Sacred Places/Civic Spaces initiative highlights the economic halo effect of congregations and their buildings, and their power to serve, stabilize, and revitalize communities
PHILADELPHIA—(December 5, 2018)—The Community Design Collaborative, in partnership with Partners for Sacred Places, hosts the Public Reveal and Final Jury Review for its Sacred Places/Civic Spaces design challenge. The goal of the initiative is to determine how historic sacred places can support civic engagement, social cohesion, and neighborhood equity.
Three religious sites, three community organizations, and three design teams are collaborating to re-envision historic purpose-built religious properties as community hubs. The teams, each matched up with one of three sacred spaces selected through a competitive process, have been working on transformative design concepts for the sites since the summer. A crucial element of the design process has been community engagement, with each team engaging the congregation, community partners, and neighbors in asset mapping, concept development, and developing initial designs.
“Sacred places are well-positioned to serve their surrounding communities and, in an overwhelming majority of cases, are already doing just that,” said Beth Miller, Executive Director of the Community Design Collaborative. “93% of congregations actively serve the larger community and make their buildings available to outreach programs, crossing denominational, racial and regional lines.”
Studies show that sacred places are often the most trusted institution by parents, children, and seniors—those that naturally benefit from the invisible safety net these spaces provide.
87% of the beneficiaries of community programs and events that take place at sacred places are not members of the associated religious congregation, and the programs and services, ranging from substance abuse groups to after school programs, add an average value of $100,000. Thanks to urban sacred places, housing values in communities rise, crime rates drop, and individuals and families get the help they need.
“Not only are sacred places designed to serve the diverse needs of the entire community, but congregations in urban settings have an average economic impact of $1.7 million each year—we call it an economic halo effect,” said Bob Jaeger, President of Partners for Sacred Places. “Initiatives like Sacred Places/Civic Spaces highlight the enormous potential to increase that value.”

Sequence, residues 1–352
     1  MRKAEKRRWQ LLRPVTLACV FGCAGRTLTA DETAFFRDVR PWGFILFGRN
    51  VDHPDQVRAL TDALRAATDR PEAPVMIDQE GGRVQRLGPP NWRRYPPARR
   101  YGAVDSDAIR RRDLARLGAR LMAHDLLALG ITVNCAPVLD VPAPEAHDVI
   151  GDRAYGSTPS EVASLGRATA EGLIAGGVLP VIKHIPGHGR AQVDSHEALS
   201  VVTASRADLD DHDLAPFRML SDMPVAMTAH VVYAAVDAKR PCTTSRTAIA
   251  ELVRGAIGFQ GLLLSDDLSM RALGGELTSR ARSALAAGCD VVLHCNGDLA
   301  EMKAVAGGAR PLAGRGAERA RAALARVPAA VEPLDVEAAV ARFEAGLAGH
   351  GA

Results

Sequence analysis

The Community Design Collaborative and Partners for Sacred Places selected three religious sites across Philadelphia, along with community partner organizations, to serve as models for incorporating civic spaces into active but underutilized sacred places. Three multidisciplinary design teams were chosen and paired with each site to re-envision the purpose-built religious properties as community hubs.
These partnerships seek to strengthen relationships between sacred places, community organizations, and service providers with a mutual interest in co-location and cooperation, to accomplish three goals:
Promote understanding of the realities faced by a diversity of faith communities stewarding historic properties in neighborhoods and offer alternative options;
Challenge the notion that sale and subsequent adaptive reuse or demolition are the only options facing declining congregation; and
Provide innovative models and prototypes in which religious buildings house a multitude of co-existing uses for community benefit.
“In Philadelphia, many communities are in transition, and it just makes sense to look to sacred places as the community hubs that they were intended to be,” said Miller. “Sacred Places/Civic Spaces explores what can and should be done to preserve, protect and re-purpose sacred places as civic spaces that can be open to all.”
The final designs, revealed at an event last night, include:
4700 Wyalusing Avenue | Mill Creek
Congregation: The Philadelphia Masjid
Community Partner: The People's Emergency Center
Design Partners: HOK (lead); J+M Engineering; Tutor Perini Building Corp.; Alisa McCann
5341 Catharine Street | Cobbs Creek